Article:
Credit cards can be considered a blessing and a curse depending on the situation. Some Tennessee residents may value having a card when they may need a little extra time to pay off an expense, and others may dread getting their bill each month due to having accumulated a considerable amount of credit card debt. For those in the latter group, collection calls may also be a worry.
Most Tennessee consumers have credit cards, and many of them are able to pay them off at the end of each month. Each generation has a different approach to financial security and making prudent money decisions, and some of the younger generations are carrying a significant amount of credit card debt. Statistics indicate that Generation Z tends to rely heavily on purchasing things on credit, yet they are often only able to make minimum payments or less each month.
The bankruptcy process allows people to start over. While many are eager to embrace this concept, some may not take the time to consider what their finances may look like once the bankruptcy process is complete.
When a Tennessee resident has medical insurance, he or she may not expect to have to pay much out of pocket when visiting a doctor, going to the emergency room or scheduling a necessary procedure. Unfortunately, many actually find themselves facing unexpected medical debt, even when they go to an in-network provider or hospital. It's an unpleasant surprise to learn that certain services are not covered and no one told them about it.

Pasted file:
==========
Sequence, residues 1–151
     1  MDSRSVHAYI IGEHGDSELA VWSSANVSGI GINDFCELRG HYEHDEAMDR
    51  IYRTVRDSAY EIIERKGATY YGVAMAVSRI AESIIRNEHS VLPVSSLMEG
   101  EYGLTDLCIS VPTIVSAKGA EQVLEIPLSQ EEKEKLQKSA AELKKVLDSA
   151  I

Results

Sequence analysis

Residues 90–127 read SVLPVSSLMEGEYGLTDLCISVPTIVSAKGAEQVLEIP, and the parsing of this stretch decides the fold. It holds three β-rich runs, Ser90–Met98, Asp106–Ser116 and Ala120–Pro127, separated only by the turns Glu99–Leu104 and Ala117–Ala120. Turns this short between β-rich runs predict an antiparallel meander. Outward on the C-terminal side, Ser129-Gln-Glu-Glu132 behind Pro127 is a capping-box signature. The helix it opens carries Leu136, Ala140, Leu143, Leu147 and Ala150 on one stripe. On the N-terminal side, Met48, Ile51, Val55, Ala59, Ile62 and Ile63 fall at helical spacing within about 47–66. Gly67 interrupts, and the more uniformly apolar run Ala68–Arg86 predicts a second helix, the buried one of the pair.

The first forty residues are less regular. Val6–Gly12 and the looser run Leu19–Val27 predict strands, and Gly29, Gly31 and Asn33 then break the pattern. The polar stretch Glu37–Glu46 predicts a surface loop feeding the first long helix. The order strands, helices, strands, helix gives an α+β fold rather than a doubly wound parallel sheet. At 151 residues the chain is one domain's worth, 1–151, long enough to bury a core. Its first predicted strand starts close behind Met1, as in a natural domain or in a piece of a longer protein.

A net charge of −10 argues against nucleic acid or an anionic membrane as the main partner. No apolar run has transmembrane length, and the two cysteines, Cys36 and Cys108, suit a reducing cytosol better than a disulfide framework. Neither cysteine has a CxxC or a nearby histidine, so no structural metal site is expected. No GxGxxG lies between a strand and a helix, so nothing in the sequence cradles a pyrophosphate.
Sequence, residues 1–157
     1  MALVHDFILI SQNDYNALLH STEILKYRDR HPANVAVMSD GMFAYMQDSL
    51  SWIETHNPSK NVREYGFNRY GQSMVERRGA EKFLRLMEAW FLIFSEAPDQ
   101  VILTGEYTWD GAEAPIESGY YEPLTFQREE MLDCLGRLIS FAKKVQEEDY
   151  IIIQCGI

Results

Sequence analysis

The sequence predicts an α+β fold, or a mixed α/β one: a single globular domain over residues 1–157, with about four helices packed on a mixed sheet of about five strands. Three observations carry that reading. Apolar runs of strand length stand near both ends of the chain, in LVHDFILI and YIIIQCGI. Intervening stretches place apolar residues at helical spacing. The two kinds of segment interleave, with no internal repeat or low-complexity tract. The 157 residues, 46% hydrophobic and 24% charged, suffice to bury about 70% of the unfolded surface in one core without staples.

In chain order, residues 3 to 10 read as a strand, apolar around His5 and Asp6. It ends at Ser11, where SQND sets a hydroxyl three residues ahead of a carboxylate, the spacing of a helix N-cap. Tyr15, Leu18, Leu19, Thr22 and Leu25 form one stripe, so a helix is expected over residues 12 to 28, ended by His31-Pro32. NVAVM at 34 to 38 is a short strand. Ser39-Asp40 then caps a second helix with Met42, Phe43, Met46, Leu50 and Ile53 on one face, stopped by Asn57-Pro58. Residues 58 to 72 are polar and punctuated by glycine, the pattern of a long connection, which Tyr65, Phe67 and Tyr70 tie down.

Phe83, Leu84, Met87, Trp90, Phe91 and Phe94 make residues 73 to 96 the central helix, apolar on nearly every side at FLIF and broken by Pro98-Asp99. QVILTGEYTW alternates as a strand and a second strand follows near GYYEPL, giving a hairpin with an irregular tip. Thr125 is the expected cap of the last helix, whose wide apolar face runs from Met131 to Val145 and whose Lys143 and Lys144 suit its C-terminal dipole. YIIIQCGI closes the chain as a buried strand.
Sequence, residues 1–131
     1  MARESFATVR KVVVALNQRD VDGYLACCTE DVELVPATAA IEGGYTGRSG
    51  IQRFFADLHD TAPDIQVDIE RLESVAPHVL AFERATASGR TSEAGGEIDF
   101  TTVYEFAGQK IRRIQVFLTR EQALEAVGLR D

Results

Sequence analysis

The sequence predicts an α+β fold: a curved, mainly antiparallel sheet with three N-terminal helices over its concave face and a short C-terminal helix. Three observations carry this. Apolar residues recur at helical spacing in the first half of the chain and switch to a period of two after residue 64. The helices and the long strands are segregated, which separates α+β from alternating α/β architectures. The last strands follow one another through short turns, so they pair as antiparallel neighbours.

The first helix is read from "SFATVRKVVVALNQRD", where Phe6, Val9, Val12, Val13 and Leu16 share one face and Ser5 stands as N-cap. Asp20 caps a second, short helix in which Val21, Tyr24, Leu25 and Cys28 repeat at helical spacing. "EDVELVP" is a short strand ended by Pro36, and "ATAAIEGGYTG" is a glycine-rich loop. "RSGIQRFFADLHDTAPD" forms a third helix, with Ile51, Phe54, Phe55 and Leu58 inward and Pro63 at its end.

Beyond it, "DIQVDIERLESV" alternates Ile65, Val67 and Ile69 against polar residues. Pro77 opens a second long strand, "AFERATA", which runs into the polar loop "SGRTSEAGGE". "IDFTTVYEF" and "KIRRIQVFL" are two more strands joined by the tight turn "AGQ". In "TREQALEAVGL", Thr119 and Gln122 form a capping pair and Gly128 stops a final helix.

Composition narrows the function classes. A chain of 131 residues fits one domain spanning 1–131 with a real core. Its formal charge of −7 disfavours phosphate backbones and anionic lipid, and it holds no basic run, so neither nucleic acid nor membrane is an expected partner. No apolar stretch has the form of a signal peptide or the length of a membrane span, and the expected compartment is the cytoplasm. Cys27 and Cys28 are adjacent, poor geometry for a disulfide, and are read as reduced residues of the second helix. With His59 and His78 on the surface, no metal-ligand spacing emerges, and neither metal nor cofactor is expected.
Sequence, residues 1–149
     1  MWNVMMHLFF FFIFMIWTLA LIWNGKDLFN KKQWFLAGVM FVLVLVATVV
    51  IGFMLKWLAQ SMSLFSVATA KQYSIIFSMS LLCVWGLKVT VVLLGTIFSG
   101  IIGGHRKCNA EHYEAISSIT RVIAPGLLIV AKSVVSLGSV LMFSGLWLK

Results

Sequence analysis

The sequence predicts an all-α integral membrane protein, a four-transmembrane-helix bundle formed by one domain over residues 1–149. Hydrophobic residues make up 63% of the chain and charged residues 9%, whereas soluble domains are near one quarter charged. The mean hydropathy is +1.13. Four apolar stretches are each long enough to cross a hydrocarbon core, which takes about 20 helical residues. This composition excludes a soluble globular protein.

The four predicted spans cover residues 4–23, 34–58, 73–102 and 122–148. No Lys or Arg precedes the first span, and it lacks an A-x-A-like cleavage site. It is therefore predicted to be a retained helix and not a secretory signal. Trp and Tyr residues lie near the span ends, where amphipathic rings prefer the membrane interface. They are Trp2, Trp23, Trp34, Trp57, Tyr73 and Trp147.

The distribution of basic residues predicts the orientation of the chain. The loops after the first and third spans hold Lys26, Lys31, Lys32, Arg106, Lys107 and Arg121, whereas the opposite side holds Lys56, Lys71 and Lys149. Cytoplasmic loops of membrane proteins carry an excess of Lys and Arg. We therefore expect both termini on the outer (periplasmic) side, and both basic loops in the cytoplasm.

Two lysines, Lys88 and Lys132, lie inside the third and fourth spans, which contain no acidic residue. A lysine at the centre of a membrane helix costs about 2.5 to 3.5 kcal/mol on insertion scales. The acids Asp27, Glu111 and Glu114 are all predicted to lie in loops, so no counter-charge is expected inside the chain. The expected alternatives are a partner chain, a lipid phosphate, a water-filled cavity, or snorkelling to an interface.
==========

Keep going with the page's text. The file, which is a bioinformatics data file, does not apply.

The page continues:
Every financial situation is unique, and while most people have and use credit cards, the way that debt is accumulated differs from person to person. In Tennessee and elsewhere, many assume that when a person is struggling to manage his or her credit card debt it is a result of an emergency or unexpected expense, but that is not always the case. Sometimes, these balances accumulate due to unchecked discretionary spending.